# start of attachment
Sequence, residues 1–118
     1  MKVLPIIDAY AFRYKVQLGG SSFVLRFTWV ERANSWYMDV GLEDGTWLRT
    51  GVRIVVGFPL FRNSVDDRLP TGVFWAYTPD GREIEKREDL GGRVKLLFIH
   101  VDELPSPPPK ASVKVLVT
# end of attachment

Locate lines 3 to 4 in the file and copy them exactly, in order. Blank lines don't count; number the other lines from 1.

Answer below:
    51  GVRIVVGFPL FRNSVDDRLP TGVFWAYTPD GREIEKREDL GGRVKLLFIH
   101  VDELPSPPPK ASVKVLVT